Phone: (09) 303 0217
Cuisine: Latin American
From the menu: Holy Guacamole ($12), Pork, chicken, fish and beef tacos ($14 for two), Argentinian Asadito ($32), Jamaican fish ($27), Aztec Delight ($14), Flan Frida Kahlo ($11.90)
Drinks: Fully licensed
This week's special issue of Viva is, of course, dedicated to Palm Springs, and, searching for a local eatery to fit that theme, there was really only one way to go - south of the border.
Nearly 40 per cent of California's population is made up of Hispanic/Latino people and, luckily for North Americans, that means plenty of amazing food from Central and South America.
I was fortunate enough to be in California last month - not Palm Springs, but Los Angeles and San Francisco - and hit pay dirt on the second day at Loteria, an outdoor Mexican grill at the Original Farmers' Market in West Hollywood, where I scoffed my first fish taco. I was immediately converted.
In San Francisco, I accosted a tattooed bicycle courier at a set of traffic lights for her culinary recommendations and I'll be forever grateful that she sent me to La Taqueria in the Mission district.
So, a challenge, then, to find decent Hispanic/Latino food in Auckland, given our distance from the Americas? Actually, it wasn't hard at all. There are a few restaurants around the city serving up their interpretations of the cuisine, and our burgeoning food truck scene has Otis and Sarah Frizzell's The Lucky Taco, among others.
We decided to try out one of the first places to set up shop here. Besos Latinos (which translates as "Latin kisses") bills itself as the "first authentic Latin American restaurant in New Zealand".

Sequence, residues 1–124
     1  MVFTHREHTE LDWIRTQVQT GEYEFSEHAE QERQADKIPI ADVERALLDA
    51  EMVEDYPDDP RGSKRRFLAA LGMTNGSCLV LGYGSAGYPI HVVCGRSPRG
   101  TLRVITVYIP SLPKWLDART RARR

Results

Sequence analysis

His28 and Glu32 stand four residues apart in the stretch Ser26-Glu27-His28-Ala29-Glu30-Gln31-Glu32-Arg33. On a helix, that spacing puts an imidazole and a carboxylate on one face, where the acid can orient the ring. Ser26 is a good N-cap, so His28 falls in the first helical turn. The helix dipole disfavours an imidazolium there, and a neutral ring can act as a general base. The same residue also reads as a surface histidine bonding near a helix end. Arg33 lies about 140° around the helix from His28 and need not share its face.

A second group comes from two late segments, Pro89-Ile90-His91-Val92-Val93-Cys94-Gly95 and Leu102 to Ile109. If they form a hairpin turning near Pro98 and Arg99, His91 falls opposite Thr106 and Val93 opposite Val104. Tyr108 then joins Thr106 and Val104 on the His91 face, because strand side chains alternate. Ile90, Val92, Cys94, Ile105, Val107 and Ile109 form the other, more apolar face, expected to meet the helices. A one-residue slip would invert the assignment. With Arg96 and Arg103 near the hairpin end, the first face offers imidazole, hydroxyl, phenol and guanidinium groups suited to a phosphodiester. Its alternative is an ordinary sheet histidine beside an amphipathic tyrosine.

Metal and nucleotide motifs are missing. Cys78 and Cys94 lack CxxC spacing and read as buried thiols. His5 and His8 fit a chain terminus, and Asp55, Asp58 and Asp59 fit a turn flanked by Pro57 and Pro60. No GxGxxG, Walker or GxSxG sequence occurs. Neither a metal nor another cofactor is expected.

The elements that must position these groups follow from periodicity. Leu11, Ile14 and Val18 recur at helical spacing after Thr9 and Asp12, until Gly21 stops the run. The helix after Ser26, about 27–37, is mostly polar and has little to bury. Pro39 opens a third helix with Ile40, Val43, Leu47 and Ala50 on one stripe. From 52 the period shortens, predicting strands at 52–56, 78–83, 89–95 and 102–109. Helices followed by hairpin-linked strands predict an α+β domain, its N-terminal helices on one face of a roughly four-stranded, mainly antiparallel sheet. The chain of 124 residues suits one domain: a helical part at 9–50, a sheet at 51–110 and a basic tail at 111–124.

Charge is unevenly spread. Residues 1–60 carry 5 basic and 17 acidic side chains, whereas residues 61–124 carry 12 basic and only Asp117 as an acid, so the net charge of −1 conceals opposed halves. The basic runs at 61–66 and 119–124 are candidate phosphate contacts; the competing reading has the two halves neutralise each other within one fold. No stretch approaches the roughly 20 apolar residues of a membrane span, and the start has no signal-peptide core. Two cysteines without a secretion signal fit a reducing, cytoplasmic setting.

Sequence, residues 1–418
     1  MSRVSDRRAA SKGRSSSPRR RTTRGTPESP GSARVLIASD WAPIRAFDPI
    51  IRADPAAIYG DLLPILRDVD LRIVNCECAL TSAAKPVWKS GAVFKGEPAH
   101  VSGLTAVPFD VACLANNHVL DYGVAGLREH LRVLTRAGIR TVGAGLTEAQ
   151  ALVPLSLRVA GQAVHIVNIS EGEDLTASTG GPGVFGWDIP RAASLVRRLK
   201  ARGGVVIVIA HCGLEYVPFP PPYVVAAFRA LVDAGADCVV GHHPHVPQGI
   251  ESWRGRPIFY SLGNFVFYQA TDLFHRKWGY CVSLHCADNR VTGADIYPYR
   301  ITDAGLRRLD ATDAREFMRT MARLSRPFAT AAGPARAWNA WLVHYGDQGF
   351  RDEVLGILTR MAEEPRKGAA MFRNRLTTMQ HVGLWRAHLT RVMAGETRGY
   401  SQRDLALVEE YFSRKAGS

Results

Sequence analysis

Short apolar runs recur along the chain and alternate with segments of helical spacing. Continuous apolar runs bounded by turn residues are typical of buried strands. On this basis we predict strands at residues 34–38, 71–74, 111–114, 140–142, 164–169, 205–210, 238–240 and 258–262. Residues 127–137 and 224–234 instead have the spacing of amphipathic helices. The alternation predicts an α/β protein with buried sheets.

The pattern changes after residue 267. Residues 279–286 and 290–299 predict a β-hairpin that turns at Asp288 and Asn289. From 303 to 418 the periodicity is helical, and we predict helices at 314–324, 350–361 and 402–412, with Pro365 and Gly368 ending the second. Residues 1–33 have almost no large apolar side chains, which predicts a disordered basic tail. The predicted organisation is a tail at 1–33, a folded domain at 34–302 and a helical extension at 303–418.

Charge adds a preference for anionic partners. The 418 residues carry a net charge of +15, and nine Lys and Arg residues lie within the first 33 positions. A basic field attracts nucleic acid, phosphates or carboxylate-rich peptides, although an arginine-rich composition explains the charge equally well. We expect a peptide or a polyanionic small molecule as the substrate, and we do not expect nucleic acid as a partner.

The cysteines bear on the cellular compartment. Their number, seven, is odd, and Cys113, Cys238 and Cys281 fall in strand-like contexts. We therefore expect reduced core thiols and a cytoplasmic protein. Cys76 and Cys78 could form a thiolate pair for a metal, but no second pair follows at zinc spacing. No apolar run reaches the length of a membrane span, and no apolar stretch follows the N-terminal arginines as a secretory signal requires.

You'll find it at the back of Elliott Stables in the central city, but rather than being one of the venue's smaller eateries, Besos Latinos is actually in a vast, open space which feels completely separate from its neighbours.
The decor is delightfully kitsch - Frida Kahlo, Day of the Dead, religious iconography - with huge recesses in the exposed brickwork housing large vases of vibrant flowers, lit from below. There is live music on tonight, and we're presented with sombreros to get into the vibe.
The menu doesn't take itself too seriously - this is a place to have fun - and many of the dishes have tongue-in-cheek names.
We like the sound of most of the menu and find, to our surprise, that ordering is a challenge.
We're so used to shared plates in Auckland restaurants these days that the idea of eating only one main course each and splitting a couple of entrees feels too restrictive.
We plough ahead with a round of tacos - reliving those glory days in LA - and a couple of mains to share. Splitting the tacos served in handmade soft corn tortillas is fine and in the end, the fish - warehou with chipotle mayo, corn and red pepper chutney - is my favourite.
The slow-cooked Yucatan-style pork with pickled red onion is tasty, too, the meat tender and full of flavour, but the chicken, also shredded and cooked with onion and coriander, is a little dry. We are glad we've decided to split the Argentinian Asadito meat plate as it is too much for one person to handle.
A large grilled Argentinian-style wagyu skirt steak is served with chimichurri salsa, two fat, spicy, chorizo sausages, grilled haloumi cheese and a ham and cheese empanada (deep-fried pastry).
The empanada is a respite from all that meatiness but so out of place on the dish that I wonder if it has fallen off someone else's plate.
It is slightly more difficult to share the Jamaican-style fish of the day (warehou again), which comes with capsicum, tomato, olives, sweet potato and capers. Served with giardiniera rice, the pan-fried fish falls apart at the slightest touch and it disappears within just a few minutes.
The pick of our desserts is the Aztec Delight - super-sweet chunks of guava jelly and an intense, spicy, chocolate ganache, but we're not entirely sure about the Flan Frida Kahlo. The traditional Mexican creme caramel is a little too eggy for our tastes.
So, if you're feeling like a little taste of California after reading our pages today but can't jump on a plane anytime soon, a visit to Besos Latinos may transport you there, for an hour or two at least.